Canopy, a conservation group instrumental in putting together the Canadian Boreal Forest Agreement in 2010, says it is quitting the alliance because there has been nothing to show for three years of work.
Canopy executive director Nicole Rycroft says her group will instead pressure publishers and other key buyers of Canadian forest products to buy only from companies that commit to protecting large swaths of the boreal forest.
Canopy's decision is the latest in a string of challenges for the alliance, with Greenpeace pulling out late last year citing lack of progress and poor company behaviour.
But remaining members on the environmental and industry sides say they will persevere in the hope of producing concrete results in the next few weeks.
"Basically, from Day 1, the challenge has been moving words into action," Rycroft said in an interview.
"What we're seeing is, we're three years in, there are literally no results on the ground, and it's time to go."
The agreement was supposed to bring about a truce between environmentalists and Canadian logging companies. The industry had been taking a beating in international markets because of bad publicity, and companies agreed to work together with conservation groups to find mutual solutions.
While there has been lots of talk and much preliminary agreement, there has been no actual signed deal with governments yet that would bring about legislated protection of more of the boreal forest.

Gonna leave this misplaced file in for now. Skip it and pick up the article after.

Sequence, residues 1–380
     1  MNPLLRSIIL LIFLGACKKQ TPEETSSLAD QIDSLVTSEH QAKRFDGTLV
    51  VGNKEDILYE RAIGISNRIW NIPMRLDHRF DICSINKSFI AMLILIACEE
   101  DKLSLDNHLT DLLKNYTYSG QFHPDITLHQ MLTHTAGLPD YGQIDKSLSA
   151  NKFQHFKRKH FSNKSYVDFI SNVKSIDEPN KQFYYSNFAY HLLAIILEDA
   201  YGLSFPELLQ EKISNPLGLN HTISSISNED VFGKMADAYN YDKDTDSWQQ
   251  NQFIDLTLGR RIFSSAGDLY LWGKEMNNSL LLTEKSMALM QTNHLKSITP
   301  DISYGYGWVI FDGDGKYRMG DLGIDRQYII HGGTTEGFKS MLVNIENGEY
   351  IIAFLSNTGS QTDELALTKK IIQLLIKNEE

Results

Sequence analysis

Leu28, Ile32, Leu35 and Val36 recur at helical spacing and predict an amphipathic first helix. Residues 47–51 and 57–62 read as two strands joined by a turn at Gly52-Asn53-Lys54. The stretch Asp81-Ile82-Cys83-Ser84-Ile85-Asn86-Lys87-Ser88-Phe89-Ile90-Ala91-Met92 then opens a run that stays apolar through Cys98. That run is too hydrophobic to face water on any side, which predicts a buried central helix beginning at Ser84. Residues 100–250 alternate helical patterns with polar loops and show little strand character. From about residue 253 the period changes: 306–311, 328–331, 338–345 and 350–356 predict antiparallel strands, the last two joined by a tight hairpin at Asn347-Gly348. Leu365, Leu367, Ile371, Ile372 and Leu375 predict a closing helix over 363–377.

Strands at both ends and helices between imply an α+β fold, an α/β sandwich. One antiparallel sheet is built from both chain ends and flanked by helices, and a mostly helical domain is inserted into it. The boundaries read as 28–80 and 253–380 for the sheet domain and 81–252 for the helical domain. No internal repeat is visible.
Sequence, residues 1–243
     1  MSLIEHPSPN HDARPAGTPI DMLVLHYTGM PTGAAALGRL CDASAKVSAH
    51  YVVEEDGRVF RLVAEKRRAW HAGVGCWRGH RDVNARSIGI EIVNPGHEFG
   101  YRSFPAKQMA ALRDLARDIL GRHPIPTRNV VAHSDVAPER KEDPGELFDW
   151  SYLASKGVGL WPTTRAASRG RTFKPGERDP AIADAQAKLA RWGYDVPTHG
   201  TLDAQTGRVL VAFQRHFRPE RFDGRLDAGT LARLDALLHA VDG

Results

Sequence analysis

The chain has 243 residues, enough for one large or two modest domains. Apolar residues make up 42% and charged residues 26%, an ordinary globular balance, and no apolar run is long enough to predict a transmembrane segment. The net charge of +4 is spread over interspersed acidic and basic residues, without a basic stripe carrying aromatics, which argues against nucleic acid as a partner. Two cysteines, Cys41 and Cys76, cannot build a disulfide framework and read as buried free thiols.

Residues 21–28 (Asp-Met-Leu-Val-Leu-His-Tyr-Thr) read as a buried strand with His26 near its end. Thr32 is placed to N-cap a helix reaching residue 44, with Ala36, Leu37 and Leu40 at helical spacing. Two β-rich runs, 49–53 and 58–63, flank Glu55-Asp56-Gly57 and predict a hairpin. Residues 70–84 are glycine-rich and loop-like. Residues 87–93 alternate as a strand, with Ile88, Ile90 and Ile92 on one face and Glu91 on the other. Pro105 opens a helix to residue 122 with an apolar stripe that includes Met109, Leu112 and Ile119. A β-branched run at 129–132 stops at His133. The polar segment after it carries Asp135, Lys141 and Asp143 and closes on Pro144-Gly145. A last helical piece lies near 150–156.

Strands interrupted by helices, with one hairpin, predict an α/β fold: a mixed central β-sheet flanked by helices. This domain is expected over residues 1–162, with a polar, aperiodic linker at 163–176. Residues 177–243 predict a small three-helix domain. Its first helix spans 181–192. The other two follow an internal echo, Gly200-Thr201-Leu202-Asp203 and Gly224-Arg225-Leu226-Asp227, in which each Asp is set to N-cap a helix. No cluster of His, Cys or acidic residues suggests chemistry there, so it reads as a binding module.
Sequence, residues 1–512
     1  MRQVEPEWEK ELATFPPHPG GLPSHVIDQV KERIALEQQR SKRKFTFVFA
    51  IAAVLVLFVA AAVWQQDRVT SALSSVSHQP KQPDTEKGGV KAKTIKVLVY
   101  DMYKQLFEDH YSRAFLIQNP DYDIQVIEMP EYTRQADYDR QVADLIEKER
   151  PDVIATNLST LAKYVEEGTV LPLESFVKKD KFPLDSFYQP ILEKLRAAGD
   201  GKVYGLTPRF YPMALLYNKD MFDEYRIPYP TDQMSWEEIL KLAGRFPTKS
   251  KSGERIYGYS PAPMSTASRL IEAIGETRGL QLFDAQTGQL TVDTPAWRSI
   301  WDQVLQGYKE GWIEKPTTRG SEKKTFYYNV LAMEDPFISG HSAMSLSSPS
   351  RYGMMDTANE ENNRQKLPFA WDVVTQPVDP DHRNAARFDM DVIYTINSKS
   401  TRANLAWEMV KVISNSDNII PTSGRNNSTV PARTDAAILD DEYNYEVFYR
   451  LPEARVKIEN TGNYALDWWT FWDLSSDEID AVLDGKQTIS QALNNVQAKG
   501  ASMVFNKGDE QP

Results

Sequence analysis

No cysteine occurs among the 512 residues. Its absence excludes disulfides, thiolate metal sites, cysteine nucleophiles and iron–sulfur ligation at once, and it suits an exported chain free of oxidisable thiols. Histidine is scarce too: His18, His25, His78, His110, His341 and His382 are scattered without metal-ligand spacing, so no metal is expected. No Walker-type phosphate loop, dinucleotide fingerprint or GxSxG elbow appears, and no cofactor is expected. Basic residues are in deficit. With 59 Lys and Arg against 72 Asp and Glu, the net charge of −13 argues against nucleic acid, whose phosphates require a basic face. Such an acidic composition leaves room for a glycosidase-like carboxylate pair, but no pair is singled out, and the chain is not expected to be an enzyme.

The next few weeks are crucial for the future of the pact, said some of the remaining members.
The Canadian Parks and Wilderness Society will stick with the group for now, but it wants to see companies sign on to major arrangements in Quebec, Alberta and Ontario in the next few weeks, said Janet Sumner, executive director of the CPAWS Wildlands League chapter.
"Those will be a make or break," Sumner said in an interview.
Similarly, the Forest Products Association of Canada recognizes the need to make the agreement work — and soon — especially after three years of work.
"We will make it work," said Mark Hubert, vice-president of environmental leadership for the industry association.
All sides agree that some of the hold-up in concrete results is because the subjects they are dealing with are very complex and involve historical enemies working together. They have also involved First Nations and government players in the talks.
But Canopy says the delays have gone beyond just complexity, and now involve companies reluctant to sign on to agreements that would be stiff enough to actually protect the Boreal ecosystems.
Note to readers: This is a corrected story. An earlier version had an incorrect spelling for Mark Hubert's last name.